Log in

No account? Create an account
laptop, geek, MacBook, bursting, breakout


Matt's LiveJournal

Random ramblings of a programmer, photographer, journalist and runner

Previous Entry Share Next Entry
laptop, geek, MacBook, bursting, breakout

Plan for today

Right. Have had nice hot bath and followed my lemsip with an espresso chaser. Now feeling ready to do stuff. I'm not going to plan to do too much today, as I'm guessing my energy levels won't be high, so:

  • Go through one of the GIMP tutorials from the Meet the Gimp podcast. I'm trying to get good with the GIMP because it's so handy for both web design and photography (and because I can't afford Photoshop.)

  • Research HDTV for the last article in this second batch of ten I'm writing. This is an interesting one, because I've never seen an HDTV, as far as I know. I've still got a big ol' tube TV, and I'm not even planning on advancing to a flat screen unless this one dies.

  • Design a nice menu for a WordPress theme I'm working on (both for my own use and also because it would be good to know how to customise WordPress themes.)

  • Get all the laundry done.

That'll probably be enough goals for a day of illness.

  • 1
By all accounts, only get/watch a HDTV if you're getting HD content - for watching SD content, LCD's aren't that great. I have one of these: Samsung LE37M87BDX, and whilst removing the behemoth that was my 35" CRT from the lounge has made a big difference to the lounge, the LCD is sub-par on SD content. It's OK for movies, but I have to turn the smoothing engine way up. Pixelation is evident on SD cartoons during display of a key frame, though the smoothing engine removes it quickly enough on display of subsequent frames. For HD, it rocks, though.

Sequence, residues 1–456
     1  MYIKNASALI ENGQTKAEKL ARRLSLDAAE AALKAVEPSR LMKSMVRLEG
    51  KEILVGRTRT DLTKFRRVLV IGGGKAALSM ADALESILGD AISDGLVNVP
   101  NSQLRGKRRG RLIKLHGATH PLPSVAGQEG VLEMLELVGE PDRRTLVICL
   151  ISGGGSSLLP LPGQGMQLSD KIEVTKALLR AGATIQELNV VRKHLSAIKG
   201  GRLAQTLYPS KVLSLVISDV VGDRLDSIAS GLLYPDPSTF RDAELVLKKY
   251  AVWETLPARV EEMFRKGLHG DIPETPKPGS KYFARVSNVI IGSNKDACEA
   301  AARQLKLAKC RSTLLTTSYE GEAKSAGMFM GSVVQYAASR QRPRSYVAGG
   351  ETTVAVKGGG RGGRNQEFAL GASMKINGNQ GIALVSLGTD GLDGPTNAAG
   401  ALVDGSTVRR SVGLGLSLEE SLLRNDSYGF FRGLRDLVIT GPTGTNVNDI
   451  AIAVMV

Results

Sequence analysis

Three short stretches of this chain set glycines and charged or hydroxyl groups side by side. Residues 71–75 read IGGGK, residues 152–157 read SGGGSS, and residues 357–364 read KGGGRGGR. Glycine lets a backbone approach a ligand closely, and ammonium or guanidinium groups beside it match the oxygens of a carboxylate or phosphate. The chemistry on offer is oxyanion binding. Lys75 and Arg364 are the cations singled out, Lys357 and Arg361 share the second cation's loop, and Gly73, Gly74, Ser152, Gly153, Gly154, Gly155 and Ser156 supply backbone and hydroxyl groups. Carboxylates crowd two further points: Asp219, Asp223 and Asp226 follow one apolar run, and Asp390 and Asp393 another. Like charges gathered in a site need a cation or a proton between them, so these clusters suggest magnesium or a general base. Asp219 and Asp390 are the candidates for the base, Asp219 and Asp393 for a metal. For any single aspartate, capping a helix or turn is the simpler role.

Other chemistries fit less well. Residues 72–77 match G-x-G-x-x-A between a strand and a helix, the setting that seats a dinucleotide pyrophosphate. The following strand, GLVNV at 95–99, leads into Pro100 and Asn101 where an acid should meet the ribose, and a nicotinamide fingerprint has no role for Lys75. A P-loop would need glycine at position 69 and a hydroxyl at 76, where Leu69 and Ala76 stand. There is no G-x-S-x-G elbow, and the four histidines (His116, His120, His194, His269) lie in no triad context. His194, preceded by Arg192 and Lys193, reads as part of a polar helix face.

I've never been wholly convinced by the Gimp as a viable PS replacement, as Paint Shop Pro and PS Elements (v3 onwards) have always felt superior and cheap. The Gimp has always felt clunky and hard to use in comparison.

If you haven't yet tried Photoshop Elements, I'd urge you to do so - you can get a number of plugins for it that negate some of the features that have been removed, such as layer masks; and it's less than a hundred quid. These days, I try and do as much as possible in Lightroom (around a hundred quid), which has the bonus of having many ways to organise your photos, plus all your mods, categories and keywords are stored in XML, which makes moving to another tool in the future much easier.

I look at the cost of Photoshop as part of the cost of doing professional photography as an amateur - it's about the same price as a decent lens and is a seriously powerful tool in your digital toolbox.

Ta for the TV info. Mind you, it'll be a good long time before I look into getting into HD (I probably won't bother upgrading until this one breaks, and it seems failry indestructible so far.) I just don't watch that much telly.

As for t'Gimp, I get along okay with it, and I'm prepared to sacrifice a bit of usability for the "free" element. The only thing that I'm really still waiting for is tablet pressure sensitivity, and that seems like it might not be too far off being supported.

Later versions of Paint Shop Pro irritated me a great deal when I used to use them, and it's Windows-only anyway (and the free Paint.Net is a good alternative for quick image editing under Windows, so I don't tend to use it even at work these days.)

There was a reason I didn't try Elements; I think the last time I looked it was lagging behind a version on the Mac, and it was only a PowerPC binary. I'll pop it on my list to have another look at. There are similar and funkier cut-down image editors for the Mac (the promising new Pixelmator uses the GPU for its processing, and is impressively fast at doing all sorts of thing.)

My other main reason for going for the GIMP is that there are vast amounts of tutorials out there for it which don't need any translation or hacking about to work through -- unlike the way you'd probably have to figure out what to do in Elements when a Photoshop tutorial used a feature it hadn't got.

Also, I think you're probably a fair bit further down the photography route than I am, too, which may make Photoshop seem cheaper in comparison. Bear in mind I've never bought a lens, and that Photoshop is more than twice the price of the most expensive camera I've ever bought!

  • 1